The settlement of the county accelerated during the 1920s, encouraged by the construction of two branches of the Santa Fe Railroad in the early 1920s-one crossing east to west, the other crossing the southeast corner of the county. Hockley City, where the Littlefield Lands Company sold 464 farm tracts between 1912 and 1920, was renamed Levelland in 1922; the Slaughter heirs began selling farmland in the northwestern part of the country near Whiteface in 1924. Thousands of settlers moved into the county to establish new farms during this period. The number of farms in the county grew from 18 in 1920 to 279 in 1925 and 1,344 in 1929. Most of the newcomers grew cotton. Only eighty-seven acres in the county had been planted in cotton in 1920, but by 1929 cotton culture occupied more than 95,000 acres of county land. Corn culture also expanded quickly during this period, so that by 1929 about 8,300 acres in the county was planted in that staple. In all, cultivated land in the county totaled almost 175,000 acres by 1929. The county’s growing population mirrored this economic expansion: by 1930 the population was 9,298.
The Great Depression of the 1930s produced difficult times in Hockley County, as it did elsewhere. Virtually all of the land previously sold to prospective farmers by the Slaughter heirs, for example, was repossessed in 1930 and 1931. Nevertheless the number of farms in the county grew significantly during this period as the cotton boom continued and more land was put into cultivation. By 1939, 1,506 farms had been established in Hockley County. More than 106,000 acres was planted in cotton that year, and almost another 150,000 in sorghum; cultivated land totaled more than 266,000 acres. The economy also received a boost in 1937, when oil was discovered in the county. A total of almost 68,000 barrels of crude was pumped from county lands in 1938. The population of the county increased by almost 25 per cent during the 1930s, to reach 12,693 by 1940. The economy grew even more rapidly in the 1940s with the expansion of irrigation and the substantial production of oil at Sundown and other fields. The county pumped more than 14,287,000 barrels of crude in 1944 and more than 20,818,000 in 1948; by 1950 there were 3,000 producing oil wells in Hockley County.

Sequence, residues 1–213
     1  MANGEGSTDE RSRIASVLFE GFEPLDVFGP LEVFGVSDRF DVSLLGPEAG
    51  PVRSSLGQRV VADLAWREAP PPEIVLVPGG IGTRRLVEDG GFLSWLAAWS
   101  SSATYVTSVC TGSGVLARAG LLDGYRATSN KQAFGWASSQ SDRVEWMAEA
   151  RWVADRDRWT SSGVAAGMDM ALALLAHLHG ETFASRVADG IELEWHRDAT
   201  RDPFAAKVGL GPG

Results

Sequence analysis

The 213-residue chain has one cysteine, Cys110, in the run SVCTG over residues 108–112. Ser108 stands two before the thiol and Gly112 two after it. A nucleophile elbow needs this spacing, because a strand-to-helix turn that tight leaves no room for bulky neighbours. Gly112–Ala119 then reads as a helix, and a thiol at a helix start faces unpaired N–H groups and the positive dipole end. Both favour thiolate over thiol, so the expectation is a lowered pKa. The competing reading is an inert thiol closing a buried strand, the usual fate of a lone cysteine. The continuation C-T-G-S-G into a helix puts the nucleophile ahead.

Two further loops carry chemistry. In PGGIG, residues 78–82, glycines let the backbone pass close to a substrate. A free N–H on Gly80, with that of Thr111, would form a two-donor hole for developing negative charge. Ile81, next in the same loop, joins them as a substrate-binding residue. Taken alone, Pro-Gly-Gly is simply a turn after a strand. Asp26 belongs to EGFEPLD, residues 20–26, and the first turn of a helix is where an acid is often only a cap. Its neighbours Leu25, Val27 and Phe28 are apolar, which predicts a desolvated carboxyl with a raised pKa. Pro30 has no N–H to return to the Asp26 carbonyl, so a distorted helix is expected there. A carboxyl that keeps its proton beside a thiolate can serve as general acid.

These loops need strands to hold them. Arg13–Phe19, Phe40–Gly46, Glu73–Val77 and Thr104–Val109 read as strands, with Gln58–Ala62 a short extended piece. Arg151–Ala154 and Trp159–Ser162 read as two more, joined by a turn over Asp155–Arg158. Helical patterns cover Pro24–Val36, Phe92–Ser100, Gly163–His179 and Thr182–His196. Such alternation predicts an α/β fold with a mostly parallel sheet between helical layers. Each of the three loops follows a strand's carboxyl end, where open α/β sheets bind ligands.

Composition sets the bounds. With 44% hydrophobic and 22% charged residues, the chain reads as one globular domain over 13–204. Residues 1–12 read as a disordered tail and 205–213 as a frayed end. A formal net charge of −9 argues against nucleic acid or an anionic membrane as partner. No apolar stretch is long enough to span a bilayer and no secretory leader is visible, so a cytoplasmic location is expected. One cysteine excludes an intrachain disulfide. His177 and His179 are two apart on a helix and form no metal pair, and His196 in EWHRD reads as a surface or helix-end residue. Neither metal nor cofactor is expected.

Good photos of West Texas venues at https://sites.google.com/site/photosbyleaflet/home/photos-of-the-llano-estacado
Red River Watershed http://en.wikipedia.org/wiki/Red_River_of_the_South#/media/File:Redrivermap1.jpg
Yellow House Draw http://en.wikipedia.org/wiki/Yellow_House_Draw and see Mapcarta http://mapcarta.com/23250784
Blackwater Draw http://en.wikipedia.org/wiki/Blackwater_Draw
Double Mountain Fork of Brazos River in Fisher County
Cochran County Texas towns are Morton, the county seat, Bledsoe southwest of Morton near the New Mexico border on FM 769, and Whiteface southeast of Morton on SH 114. Morton is at the junction of Texas SH 114 [east-west] and SH 214 [north-south]. Texas Last Frontier Museum (2003) in Morton is located in a former Masonic Temple (1957) building. What is the significance of the phrase Last Frontier and how did Morton gain its name?
Christopher C. Slaughter was a cattle baron whose Lazy S Ranch (1898) 246,699 acres at the end of the 19th century, traversed almost all of Cochran County and more land. George Washington Littlefield purchased 238,585 acres from the XIT Ranch in 1901 and a small portion of it was in Cochran County. Slaughter died in 1919 and his heirs dissolved the cattle company in 1921 into small enough tracts that they could be sold either as family ranches or family farms. Minnie Slaughter Veal, his eldest daughter, hired a land agent to sell some of her property and his name was Morton Smith. He founded the town in 1923 and named it for himself. His land agency office was on the east side of the town square. Morton was incorporated in 1933 and elected its first mayor. Cochran County was one of the last areas in Texas to which a person or family could emigrate and “break out” new land. It was regarded as The Last Frontier. The western boundary of the county is the New Mexico border. Morton population is 2,006 as of the 2010 census, about 61% Hispanic, 33% Anglo, 4% African-American. Cochran County population 1890-zero, 1900-25, 1920-67, 1930-1,963, 1960-6,417, 1970-5,326, and 2010-3,127 so it’s been declining since 1960. http://www.rootsweb.ancestry.com/~txcochra/cochran_county_history.htm